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on, but which shall seem so, to those unacquainted with their works.
I have so much reading to go through with this month, that I have but few hours for correspondents.
I have already discussed five volumes in German, two in French, three in English, and not without thought and examination. * *
Tell —— that I read Titan by myself, in the afternoons and evenings of about three weeks. She need not be afraid to undertake it. Difficulties of detail may, perhaps, not be entirely conquered witd, or that in doing it I may find myself incompetent; but I go on in hope, secure, at all events, that it will be the means of the highest culture.
In addition to other labors, Margaret translated, one evening every week, German authors into English, for the gratification of Dr. Channing; their chief reading being in De Wette and Herder.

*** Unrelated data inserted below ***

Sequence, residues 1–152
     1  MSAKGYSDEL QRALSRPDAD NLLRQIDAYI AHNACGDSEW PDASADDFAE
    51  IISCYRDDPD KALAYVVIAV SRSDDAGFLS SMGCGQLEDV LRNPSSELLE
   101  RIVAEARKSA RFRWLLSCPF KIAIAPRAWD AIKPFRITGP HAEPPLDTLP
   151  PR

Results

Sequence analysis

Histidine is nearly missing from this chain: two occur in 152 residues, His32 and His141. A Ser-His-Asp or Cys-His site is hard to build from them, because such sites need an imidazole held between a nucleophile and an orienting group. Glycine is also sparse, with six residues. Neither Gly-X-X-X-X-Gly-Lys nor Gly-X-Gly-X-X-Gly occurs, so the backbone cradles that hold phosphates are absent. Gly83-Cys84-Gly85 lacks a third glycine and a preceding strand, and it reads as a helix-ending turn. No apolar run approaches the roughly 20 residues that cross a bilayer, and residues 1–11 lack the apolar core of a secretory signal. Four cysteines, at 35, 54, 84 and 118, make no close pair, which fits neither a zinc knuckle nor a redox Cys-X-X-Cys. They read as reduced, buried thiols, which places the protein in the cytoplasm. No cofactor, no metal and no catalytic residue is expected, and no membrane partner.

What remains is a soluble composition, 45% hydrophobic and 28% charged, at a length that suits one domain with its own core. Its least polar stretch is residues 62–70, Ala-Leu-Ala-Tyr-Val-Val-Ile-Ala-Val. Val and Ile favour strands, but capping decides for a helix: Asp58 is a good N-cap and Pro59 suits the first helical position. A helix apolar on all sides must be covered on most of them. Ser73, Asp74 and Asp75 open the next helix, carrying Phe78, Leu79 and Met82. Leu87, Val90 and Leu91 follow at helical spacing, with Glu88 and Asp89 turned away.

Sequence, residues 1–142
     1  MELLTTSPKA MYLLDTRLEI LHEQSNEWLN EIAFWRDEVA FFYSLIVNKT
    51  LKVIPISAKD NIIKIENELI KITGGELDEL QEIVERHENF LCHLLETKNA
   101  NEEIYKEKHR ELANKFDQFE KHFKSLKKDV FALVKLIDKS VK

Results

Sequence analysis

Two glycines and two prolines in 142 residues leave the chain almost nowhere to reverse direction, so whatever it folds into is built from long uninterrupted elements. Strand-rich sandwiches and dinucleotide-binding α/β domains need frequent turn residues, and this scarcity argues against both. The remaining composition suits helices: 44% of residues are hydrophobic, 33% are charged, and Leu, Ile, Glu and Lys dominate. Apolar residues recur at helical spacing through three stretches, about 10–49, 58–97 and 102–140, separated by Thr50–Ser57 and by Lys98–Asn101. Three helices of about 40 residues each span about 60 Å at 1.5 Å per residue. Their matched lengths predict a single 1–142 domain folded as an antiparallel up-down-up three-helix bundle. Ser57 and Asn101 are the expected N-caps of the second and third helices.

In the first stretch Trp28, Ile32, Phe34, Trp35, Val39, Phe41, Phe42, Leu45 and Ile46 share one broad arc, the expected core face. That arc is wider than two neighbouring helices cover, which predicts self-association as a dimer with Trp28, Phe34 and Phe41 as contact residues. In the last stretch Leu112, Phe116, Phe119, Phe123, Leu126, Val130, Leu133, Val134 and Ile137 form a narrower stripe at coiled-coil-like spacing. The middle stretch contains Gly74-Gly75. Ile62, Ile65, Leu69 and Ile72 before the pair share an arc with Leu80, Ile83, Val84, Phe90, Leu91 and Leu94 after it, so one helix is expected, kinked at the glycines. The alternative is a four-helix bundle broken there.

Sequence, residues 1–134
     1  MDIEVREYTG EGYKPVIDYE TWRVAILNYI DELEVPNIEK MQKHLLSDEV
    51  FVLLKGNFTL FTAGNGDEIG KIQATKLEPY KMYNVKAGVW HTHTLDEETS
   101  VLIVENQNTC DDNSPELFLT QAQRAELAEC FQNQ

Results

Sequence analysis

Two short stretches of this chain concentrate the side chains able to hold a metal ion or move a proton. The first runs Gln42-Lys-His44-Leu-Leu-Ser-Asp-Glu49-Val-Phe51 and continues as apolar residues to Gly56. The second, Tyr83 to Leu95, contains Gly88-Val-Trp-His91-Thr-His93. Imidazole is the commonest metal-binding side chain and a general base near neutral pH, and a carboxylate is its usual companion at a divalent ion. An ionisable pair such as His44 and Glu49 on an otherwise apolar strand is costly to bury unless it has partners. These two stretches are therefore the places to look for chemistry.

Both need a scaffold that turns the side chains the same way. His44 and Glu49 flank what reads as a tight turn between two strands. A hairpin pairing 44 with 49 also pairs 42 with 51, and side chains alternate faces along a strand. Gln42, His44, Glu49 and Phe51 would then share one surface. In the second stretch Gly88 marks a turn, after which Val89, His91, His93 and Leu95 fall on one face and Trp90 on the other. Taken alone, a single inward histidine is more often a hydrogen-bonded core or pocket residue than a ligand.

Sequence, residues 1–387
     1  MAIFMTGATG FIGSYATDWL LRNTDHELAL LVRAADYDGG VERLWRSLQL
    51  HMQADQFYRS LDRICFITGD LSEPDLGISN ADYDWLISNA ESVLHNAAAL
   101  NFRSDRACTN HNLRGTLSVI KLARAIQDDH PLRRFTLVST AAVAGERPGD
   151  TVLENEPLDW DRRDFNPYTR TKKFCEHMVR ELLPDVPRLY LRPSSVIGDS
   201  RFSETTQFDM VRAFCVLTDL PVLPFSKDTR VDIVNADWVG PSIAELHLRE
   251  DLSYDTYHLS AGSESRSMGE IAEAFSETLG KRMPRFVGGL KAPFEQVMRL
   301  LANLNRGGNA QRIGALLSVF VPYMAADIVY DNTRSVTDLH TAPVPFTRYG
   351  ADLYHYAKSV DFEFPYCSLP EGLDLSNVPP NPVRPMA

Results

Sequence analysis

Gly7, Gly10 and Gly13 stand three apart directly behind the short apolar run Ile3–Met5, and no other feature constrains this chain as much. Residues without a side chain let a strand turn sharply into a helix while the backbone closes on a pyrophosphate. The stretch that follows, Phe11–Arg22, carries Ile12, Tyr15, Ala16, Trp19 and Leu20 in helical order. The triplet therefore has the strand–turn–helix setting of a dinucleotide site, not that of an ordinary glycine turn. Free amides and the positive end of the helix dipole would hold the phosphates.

It was not very pleasant, she writes,
for Dr. C. takes in subjects more deliberately than is conceivable to us feminine people, with our habits of
sh; and it has suggested so much to me, that I am very sorry I did not talk it over with you. It is quite gratifying, after my late chagrin, to find Sir James, with all his metaphysical turn, and ardent desire to penetrate it, puzzling so over the German philosophy, and particularly what I was myself troubled about, at Cambridge,—Jacobi's letters to Fichte.
Few things have ever been written more discriminating or more beautiful than his strictures upon the Hindoo character, his portrait of Fox, and his second letter to Robert Hall, after his recovery from derangement.
Do you remember what he says of the want of brilliancy in Priestley's moral sentiments?
Those remarks, though slight, seem to me to show the quality of his mind more decidedly than anything in the book.
That so much learning, benevolence, and almost unparalleled fairness of mind, should be in a great measure lost to the world, for want of earnestness of purpose, might impel us to attach to the latter attribute as m